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  • Nolte Notes for the week of January 9th 2012 0 comments
    Jan 11, 2012 11:42 AM | about stocks: PEP, KO, AMGN
    What is in the past won’t hurt you…or so the financial markets believe. European debt problems are but a glimmer in the rearview mirror and the market began the year looking on the bright side of life. The US economic data continues to demonstrate some modest strength, as the employment report looked good all the way around. Manufacturing reports showed better than expected data as well as vehicle sales, indicating the consumer has opened their purse a bit and begun spending. While spending is not at rip roaring pace, the purse strings have been loosened a bit, however sustainability is the larger question. One monthly report that is distressing is the federal tax deposits, made via payroll deductions. After contracting at a 10%+ year over year rate late in 2009, they gained strength through early 2011 and again turned lower. At the end of 2011, these payments are slightly lower than a year ago. If employment is indeed getting better, than why are collections declining? Since the tax “holiday” has been in force for over a year, that impact should be negated. This series last began weakening late in 2006, well ahead of the economic decline. The current slowing is a year old and bears watching as the year unfolds. More meetings are set in Europe for more discussions and could impact stocks again this week.

    As outlined in last week’s missive, expectations for equity weakness early in the year should give way to a nice second half rally that once again puts stocks near the beginning of the year levels. So far, the punch higher on the first trading day of the year masked the blasé trading the remainder of the week. One Wall Street mantra dictates that: so goes the first week, goes the month and the year. If that is to hold this year, we may have seen all the excitement for the year! It will be more instructive to see how stocks trade as earnings season begins in a few weeks. Also, the economic data, while good, needs to continue to build toward more normal levels. Cited in many places is the “bearishness” of investors and cash on the sidelines that should push stocks higher in the months ahead. While I don’t have reliable data on “sideline” cash, sentiment readings from individual investors (AAII) and institutional sentiment readings show the most bullish since early 2011, around the time/levels of the market peak. While stocks and euphoria can continue further, don’t be fooled by negative “attitudes”, they are well above apathetic levels and bordering on ebullient. Could be hard for sustained rallies to persevere in this environment.

    Bond investors keep on keeping on as the bond market indicators point to still lower yields ahead. The model uses a plurality of the evidence from bonds, utilities and commodities. Commodity prices have been in sharp retreat since summer, when commodity prices were up over 40% on a year over year basis, are now down 10% vs. year ago levels and nearly 14% from summer. Meanwhile, corporate bonds and utilities remain positive; although the yearlong rally in utilities may be nearing an end and so too could end the bullish configuration for bond prices. Historically, first portions of the year have been poor for bonds until May, when bonds have historically performed better. We’ll see if this year tracks the historical tendencies. As with stock prices, Europe will hold the key.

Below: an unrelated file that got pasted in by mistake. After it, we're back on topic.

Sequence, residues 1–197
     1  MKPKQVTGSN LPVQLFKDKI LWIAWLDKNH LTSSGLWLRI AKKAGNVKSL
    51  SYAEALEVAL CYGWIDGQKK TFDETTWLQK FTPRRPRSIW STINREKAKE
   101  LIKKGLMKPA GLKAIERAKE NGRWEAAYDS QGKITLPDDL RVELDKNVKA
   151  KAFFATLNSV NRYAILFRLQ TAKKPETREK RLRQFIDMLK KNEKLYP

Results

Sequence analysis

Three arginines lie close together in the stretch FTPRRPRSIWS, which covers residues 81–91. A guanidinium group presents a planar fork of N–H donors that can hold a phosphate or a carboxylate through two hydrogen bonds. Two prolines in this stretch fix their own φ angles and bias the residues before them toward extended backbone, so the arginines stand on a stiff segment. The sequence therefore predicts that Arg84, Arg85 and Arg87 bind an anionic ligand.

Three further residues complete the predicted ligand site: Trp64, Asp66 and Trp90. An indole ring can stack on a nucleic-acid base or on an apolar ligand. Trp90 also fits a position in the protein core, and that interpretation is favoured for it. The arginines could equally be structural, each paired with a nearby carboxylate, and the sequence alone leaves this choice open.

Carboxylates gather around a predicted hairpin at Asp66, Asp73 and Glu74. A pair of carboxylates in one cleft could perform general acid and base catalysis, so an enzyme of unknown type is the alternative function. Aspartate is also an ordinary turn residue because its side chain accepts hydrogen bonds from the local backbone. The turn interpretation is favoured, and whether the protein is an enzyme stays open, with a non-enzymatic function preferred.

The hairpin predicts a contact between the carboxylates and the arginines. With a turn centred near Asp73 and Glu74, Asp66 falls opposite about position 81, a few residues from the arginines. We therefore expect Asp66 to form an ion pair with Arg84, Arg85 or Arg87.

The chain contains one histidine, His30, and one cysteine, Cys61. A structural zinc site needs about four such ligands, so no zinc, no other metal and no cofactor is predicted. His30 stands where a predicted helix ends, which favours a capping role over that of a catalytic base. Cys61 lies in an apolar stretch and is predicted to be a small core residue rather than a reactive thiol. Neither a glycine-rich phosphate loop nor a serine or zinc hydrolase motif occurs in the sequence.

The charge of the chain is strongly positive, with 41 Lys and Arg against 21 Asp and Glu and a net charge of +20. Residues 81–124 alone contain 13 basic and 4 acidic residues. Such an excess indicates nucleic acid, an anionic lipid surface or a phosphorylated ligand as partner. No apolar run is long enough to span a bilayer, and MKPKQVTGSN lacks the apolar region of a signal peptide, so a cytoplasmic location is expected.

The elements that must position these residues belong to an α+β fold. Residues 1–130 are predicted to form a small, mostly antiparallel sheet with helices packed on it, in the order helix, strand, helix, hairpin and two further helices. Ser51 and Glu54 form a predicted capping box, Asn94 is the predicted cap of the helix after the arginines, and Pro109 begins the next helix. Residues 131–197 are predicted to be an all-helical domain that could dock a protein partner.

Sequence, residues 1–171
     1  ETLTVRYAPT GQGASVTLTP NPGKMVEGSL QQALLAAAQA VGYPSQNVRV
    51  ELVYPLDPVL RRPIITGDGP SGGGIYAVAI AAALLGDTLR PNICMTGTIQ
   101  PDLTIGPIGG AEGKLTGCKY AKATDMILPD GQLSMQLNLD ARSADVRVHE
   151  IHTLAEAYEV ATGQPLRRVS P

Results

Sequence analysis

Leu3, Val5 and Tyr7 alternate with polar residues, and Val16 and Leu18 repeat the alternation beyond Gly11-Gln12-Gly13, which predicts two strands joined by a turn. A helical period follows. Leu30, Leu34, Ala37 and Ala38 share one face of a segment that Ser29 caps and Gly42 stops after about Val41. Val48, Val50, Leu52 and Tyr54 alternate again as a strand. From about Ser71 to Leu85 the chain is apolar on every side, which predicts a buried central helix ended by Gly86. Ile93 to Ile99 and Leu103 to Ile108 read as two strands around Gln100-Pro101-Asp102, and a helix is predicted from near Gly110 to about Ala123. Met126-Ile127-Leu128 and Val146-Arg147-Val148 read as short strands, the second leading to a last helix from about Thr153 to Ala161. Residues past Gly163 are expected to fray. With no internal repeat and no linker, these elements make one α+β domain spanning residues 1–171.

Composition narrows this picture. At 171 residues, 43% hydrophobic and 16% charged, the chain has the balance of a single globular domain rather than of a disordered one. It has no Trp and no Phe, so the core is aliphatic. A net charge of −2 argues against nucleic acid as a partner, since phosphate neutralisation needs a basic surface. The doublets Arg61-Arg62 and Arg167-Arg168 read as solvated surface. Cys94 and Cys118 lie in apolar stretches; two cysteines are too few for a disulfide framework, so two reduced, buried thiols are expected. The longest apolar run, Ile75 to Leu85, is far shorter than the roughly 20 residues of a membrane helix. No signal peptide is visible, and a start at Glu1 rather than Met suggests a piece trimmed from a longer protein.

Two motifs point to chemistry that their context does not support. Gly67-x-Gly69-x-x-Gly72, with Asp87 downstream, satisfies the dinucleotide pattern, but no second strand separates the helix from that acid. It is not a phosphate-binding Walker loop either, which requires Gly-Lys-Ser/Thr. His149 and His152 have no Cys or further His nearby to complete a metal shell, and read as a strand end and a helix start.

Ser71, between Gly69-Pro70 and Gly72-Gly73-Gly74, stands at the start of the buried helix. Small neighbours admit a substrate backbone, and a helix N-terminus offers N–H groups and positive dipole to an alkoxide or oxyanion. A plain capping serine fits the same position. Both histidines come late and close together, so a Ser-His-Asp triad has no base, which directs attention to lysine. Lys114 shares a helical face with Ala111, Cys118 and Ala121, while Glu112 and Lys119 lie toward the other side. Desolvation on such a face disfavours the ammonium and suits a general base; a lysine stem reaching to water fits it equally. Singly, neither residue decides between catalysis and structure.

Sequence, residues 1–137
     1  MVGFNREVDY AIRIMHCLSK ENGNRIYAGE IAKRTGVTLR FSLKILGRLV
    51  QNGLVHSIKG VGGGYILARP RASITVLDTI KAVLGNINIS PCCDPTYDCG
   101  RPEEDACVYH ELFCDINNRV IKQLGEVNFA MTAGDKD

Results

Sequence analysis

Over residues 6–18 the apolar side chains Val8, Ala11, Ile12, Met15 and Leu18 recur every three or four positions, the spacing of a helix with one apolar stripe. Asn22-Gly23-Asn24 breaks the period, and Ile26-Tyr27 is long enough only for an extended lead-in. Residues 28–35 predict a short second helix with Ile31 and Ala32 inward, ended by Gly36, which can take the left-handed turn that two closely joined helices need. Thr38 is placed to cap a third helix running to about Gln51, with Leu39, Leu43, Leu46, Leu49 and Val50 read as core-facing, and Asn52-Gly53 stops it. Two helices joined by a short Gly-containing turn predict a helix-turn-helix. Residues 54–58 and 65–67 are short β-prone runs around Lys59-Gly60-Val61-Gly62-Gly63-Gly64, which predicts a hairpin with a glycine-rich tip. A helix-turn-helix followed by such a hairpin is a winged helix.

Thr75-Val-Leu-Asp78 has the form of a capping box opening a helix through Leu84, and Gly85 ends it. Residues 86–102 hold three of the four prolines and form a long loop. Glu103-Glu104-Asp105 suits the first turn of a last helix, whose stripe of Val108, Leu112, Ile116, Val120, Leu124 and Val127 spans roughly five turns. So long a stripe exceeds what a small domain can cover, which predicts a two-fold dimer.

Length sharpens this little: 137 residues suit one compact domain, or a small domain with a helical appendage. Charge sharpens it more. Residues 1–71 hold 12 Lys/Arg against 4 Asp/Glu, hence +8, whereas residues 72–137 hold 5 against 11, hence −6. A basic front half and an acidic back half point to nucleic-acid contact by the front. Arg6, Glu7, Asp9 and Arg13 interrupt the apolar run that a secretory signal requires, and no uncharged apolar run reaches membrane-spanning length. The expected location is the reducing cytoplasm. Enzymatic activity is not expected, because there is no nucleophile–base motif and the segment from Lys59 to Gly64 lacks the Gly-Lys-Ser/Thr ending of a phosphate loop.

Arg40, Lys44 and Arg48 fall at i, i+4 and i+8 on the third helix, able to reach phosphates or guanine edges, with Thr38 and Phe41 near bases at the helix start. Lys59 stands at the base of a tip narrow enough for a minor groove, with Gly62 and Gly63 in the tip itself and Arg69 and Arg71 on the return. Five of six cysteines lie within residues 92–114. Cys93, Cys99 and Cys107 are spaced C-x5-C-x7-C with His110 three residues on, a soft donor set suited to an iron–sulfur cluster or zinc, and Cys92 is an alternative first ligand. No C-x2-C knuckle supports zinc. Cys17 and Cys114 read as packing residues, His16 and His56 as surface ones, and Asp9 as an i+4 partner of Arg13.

It has been awhile since looking at the various industry sub-groups beneath the broad sectors of the markets. For instance, driving the strength in the consumer staples have been tobacco and some of the non-durable (think P&G and Church & Dwight) while the soft drink portion (thanks to weakness in Pepsi: PEP vs. Coke: KO) has been more about one stock than the group as a whole. Checking out the rankings of the sub-groups by their performance over a variety of periods in the past year shows rather eclectic top groups: from pipeline companies to railroads, from tobacco to industrial suppliers. On the strength of Amgen (NASDAQ:AMGN) the biotech group leads all sub-groups. AMGN is essentially unchanged for the past five years, while earnings are up by 50% over that period. Now selling for roughly 12x 2011 earnings, valuations are among the lowest in the history of the company. Granted earnings are not growing as fast as they were in the 1990’s, however even an average multiple on 2012 earnings could push the stock toward $75 from a current price of $65. After trailing the market for the past three years, the stock could have a 6-12 month period of superior performance vs. the index similar to the last time in 2008.

    The stocks markets have been performing begrudgingly better after the opening hours of 2012. Many of the popular “plays” of utilities, consumer and healthcare may begin giving way to technology, energy and even financial stocks. However, Europe continues to hold the key to long-term performance. Bond investors may experience a rough few months as yields back up on the heels of better economic data. This too may be short-circuited by European news.

    The opinions expressed in the Investment Newsletter are those of the author and are based upon information that is believed to be accurate and reliable, but are opinions and do not constitute a guarantee of present or future financial market conditions.

    Disclosure: I have no positions in any stocks mentioned, and no plans to initiate any positions within the next 72 hours.
    Themes: bonds, fixed income, SP500, S P, Europe Stocks: PEP, KO, AMGN
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